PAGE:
Lebanon's Politicians: Avoiding the Assassins

Tripoli - Guards with AK-47s patrol the perimeter of Mosbah Ahdab's flat in Tripoli. "I'm effectively a prisoner" he says, in a U.S.-v-Iran proxy war waged on Lebanese soil.

The forty-six-year-old Ahdab is an independent member of the Lebanese Parliament, known for his steadfast opposition to Iranian and Syrian influence here. He consistently opposed the current Syrian-backed President Emile Lahoud, whose term expires next week.

Ahdab worries that Syrian-backed assassins are targeting him. The shutters of the flat are all closed. Cameras survey the streets all around. And he travels only in the middle of the night in a long convoy, which he enters through a specially designed tent so snipers or bombers can't tell which car he's in.

Ahdab is convinced he can outlast his assassins. But he worries that U.S. interest in Lebanese democracy might not wait with him. Ahdab wants America and the West to keep a sharp eye on Lebanon, oppose political murders, and support democracy. But he doesn't want the U.S. to engage Lebanon as a proxy battlefield, which is what Iran and Syria, he says, are goading it to do.

The numbers worry him. If a few more of Ahdab and his allies are killed before the election the anti-Syrian bloc will lose its slim majority in parliament, making the election of an anti-Syrian president far less likely.

Ahdab comes from a successful business family which owns the buses running between Beirut and Tripoli along with some construction interests. So his home isn’t a bad place to be stuck. Plush sofas and Lebanese artwork line the walls of his expansive living room facing the ocean. Fresh flowers pack the vases. And he carries a portable buzzer that allows him to call his butler for wine or food at any time.

The flat has become his political headquarters. From here Ahdab greets other politicians, businessmen, reporters, and artists. Over our five hours together, nearly a dozen guests pass through. His young wife, fifteen years his junior, engages them all in banter, mostly about the upcoming election, while their energetic five-year-old daughter zips around the guests on a Barbie-brand scooter.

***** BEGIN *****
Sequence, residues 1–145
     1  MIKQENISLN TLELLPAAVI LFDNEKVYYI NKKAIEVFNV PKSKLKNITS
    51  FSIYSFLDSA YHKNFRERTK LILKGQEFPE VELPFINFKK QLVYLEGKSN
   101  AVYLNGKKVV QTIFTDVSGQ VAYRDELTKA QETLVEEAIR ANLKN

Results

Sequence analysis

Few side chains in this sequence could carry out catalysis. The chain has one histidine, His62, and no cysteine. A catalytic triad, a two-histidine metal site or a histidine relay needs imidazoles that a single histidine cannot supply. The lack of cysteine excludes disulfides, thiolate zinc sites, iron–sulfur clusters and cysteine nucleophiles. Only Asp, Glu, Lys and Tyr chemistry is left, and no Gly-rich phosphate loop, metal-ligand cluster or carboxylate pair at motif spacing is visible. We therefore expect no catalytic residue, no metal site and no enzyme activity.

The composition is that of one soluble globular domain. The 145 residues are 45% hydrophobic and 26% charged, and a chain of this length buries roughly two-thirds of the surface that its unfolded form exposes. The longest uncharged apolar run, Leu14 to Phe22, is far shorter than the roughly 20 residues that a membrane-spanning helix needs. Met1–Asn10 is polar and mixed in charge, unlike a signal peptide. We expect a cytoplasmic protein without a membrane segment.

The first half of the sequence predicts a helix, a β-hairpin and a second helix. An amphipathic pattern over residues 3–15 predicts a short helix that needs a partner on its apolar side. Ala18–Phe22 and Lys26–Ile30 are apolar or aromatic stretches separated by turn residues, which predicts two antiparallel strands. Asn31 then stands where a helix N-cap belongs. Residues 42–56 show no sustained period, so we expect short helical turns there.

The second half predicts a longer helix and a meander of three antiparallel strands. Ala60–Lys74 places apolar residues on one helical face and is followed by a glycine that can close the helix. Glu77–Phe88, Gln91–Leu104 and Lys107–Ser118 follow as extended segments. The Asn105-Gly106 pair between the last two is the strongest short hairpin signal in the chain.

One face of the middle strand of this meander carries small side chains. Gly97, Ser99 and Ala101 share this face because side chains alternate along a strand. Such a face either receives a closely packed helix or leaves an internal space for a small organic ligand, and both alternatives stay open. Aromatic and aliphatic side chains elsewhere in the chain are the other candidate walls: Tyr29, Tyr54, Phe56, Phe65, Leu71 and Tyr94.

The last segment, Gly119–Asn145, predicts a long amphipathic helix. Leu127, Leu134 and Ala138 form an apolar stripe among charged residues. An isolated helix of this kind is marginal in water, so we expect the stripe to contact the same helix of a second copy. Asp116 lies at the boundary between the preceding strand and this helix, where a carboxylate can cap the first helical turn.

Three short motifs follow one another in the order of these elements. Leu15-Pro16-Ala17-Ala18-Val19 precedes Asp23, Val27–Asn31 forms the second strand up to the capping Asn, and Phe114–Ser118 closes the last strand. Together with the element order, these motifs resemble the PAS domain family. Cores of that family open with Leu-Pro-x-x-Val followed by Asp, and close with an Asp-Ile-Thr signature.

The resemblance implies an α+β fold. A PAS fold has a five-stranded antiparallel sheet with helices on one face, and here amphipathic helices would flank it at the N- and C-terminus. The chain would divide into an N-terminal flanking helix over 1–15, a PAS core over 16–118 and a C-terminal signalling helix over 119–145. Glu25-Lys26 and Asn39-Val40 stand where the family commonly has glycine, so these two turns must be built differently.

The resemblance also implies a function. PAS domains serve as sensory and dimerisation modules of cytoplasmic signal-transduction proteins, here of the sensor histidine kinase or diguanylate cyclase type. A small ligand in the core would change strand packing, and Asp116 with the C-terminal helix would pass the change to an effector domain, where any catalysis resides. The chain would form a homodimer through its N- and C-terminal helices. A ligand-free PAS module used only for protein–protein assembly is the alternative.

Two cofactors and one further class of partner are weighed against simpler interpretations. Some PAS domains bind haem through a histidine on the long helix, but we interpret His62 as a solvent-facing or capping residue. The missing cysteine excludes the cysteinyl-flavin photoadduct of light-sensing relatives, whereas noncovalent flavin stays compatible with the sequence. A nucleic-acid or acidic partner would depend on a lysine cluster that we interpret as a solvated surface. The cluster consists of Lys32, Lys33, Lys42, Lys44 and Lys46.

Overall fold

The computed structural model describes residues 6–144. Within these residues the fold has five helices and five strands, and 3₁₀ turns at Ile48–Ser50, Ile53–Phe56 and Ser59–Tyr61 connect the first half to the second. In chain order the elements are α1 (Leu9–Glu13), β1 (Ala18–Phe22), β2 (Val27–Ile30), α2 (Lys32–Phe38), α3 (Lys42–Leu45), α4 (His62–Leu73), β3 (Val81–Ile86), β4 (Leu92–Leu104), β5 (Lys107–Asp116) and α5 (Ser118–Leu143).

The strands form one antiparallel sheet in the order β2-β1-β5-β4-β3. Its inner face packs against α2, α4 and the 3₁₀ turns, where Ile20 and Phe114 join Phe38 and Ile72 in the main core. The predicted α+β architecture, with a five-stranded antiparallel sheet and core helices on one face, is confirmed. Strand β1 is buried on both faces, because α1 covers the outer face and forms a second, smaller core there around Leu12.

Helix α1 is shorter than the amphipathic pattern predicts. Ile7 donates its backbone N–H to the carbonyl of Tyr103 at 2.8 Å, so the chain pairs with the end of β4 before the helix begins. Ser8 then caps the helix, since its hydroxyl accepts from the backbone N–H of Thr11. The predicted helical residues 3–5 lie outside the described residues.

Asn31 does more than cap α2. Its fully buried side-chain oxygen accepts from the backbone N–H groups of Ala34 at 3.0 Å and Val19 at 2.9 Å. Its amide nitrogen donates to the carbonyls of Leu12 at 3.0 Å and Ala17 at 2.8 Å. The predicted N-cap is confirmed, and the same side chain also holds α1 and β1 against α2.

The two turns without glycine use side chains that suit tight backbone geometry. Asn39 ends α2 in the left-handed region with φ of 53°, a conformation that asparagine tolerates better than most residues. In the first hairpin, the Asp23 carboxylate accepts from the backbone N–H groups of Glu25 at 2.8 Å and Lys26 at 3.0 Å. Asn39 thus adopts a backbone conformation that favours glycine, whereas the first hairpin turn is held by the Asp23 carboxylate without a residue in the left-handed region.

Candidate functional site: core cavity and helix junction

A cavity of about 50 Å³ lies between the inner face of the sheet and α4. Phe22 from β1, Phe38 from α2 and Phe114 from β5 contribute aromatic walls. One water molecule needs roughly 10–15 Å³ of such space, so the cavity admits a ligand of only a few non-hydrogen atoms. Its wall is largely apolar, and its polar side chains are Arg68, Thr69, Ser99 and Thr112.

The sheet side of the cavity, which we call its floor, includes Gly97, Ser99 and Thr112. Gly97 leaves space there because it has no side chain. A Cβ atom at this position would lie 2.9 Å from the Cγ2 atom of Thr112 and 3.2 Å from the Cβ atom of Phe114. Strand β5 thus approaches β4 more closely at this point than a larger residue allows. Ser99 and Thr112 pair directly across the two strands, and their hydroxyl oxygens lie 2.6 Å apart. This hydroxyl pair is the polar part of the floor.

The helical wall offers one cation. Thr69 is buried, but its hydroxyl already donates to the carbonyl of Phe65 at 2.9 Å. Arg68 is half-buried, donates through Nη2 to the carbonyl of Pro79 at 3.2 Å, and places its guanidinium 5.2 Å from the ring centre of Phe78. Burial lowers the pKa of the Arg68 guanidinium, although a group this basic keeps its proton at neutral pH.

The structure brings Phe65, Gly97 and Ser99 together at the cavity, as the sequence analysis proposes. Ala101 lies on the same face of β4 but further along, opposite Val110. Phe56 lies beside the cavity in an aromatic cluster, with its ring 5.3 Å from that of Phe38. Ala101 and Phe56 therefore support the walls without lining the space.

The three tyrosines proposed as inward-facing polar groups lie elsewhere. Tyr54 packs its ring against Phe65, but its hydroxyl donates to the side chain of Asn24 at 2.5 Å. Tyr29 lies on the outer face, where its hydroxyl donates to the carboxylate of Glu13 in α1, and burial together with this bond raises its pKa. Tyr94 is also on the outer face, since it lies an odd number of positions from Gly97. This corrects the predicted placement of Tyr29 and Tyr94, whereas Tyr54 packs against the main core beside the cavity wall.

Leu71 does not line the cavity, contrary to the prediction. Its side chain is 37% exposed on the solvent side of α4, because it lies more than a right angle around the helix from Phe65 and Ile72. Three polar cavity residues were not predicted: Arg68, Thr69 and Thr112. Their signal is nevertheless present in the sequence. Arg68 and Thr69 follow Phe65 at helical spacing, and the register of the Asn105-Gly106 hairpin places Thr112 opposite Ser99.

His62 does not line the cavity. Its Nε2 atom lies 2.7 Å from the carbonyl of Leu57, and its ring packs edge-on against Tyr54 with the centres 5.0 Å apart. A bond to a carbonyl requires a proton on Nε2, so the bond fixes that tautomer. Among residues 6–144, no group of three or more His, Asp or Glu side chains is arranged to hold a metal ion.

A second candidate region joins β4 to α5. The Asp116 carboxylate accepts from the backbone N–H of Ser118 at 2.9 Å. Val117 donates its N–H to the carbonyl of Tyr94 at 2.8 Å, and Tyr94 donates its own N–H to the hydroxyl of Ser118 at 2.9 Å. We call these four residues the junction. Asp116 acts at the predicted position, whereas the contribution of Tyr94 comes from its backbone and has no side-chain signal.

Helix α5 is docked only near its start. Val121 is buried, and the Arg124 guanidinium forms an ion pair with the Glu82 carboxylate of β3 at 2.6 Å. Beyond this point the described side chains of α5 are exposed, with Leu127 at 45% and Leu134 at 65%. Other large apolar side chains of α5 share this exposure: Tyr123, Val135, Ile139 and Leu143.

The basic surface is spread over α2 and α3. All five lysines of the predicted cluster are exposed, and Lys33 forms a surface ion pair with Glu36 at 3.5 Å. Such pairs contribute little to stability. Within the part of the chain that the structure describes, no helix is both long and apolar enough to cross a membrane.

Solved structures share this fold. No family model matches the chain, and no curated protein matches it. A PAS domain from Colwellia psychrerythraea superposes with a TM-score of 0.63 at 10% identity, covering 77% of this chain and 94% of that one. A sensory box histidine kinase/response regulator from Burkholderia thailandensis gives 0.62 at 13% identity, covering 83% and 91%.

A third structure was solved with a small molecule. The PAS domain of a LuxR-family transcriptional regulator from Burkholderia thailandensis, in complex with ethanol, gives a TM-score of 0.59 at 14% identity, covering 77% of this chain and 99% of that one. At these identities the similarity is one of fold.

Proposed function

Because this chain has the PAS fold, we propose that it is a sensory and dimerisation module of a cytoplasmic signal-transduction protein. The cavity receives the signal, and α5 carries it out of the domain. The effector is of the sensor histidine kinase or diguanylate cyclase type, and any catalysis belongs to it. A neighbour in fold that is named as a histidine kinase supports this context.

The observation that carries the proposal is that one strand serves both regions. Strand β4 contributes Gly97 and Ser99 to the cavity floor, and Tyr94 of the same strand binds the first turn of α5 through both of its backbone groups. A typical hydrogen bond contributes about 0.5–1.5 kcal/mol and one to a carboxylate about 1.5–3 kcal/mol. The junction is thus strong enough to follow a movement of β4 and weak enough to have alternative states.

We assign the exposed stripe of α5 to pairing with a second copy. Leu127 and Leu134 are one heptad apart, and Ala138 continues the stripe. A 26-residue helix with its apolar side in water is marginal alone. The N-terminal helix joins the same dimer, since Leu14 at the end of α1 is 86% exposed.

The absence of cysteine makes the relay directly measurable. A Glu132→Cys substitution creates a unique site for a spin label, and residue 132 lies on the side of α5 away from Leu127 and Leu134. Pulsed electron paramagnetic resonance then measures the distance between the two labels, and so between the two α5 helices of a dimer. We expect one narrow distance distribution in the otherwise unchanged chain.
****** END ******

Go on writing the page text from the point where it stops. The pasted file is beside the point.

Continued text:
Photo of Ahdab with Hariri.

She's safe inside, but when the elections come next week, all bets are off. Ahdab's sending his family abroad to be extra secure.

Ahdab's not the only one holed up in expectation of the elections. My room in Beirut overlooks thefive-star Phoenicia Hotel, which reportedly houses nearly forty other MPs also protecting themselves from potential assassins.

Amphibious tanks squat on the streets, and snipers peer out of an adjacent, abandoned building to protect the MPs. They overlook the spot in front of St. George's Hotel where former Prime Minister Rafik Hariri was killed in a massive explosion nearly three years ago, serving as a grim reminder of the stakes.

Ahdab and these MPs are part of the March 14th Coalition, whose members led over a million Lebanese in the Cedar Revolution, which led to Syria's military withdrawal from Lebanon after nearly three decades.

Now those who oppose March 14 politicians like Ahdab accuse the movement of serving America's interests, but Ahdab shrugs off the criticisms saying they don't stick to him, or resonate with voters.

As a businessman, he sees U.S. support and investment in Lebanon as a potential asset. And he doesn't think adopting an "anti-American" mantle will do him or his country much good.

He wants to bypass America-talk, which he believes diverts attention from local concerns. "Americans have the idea that their Middle East allies have to oppose them publicly" to succeed, he says, but he should serve as a counterargument.

Guards with guns.

Lebanon is a small country with approximately 4 million people. It's often used as a staging ground for regional conflicts. "The [Iranian] Ayatollah Khamenei said 'We'll beat the Americans in Lebanon' because he's invested 18 billion dollars in Hezbollah, and Iran isn't willing to give this away," Ahdab says. But Hezbollah as an armed movement has stopped representing Lebanese interests, he says, and he eventually wants it disarmed, not for America's good, but for Lebanon's.

The solution isn't war between the U.S. and Iran, he emphasizes, or even America's demand that the new president immediately enforce UN Security Council Resolutions 1559 and 1701, calling for Hezbollah to give up its arms.

Ahdab does say he wants America to stand by the ideal of democracy. He believes Lebanon can be the example of democracy the U.S. wants to see in the Middle East. But America must let the Lebanese work among themselves to realize it on the ground.

That's why he's here in Lebanon, avoiding the assassins, and waiting to cast his vote.

LebanonAmar Bakshi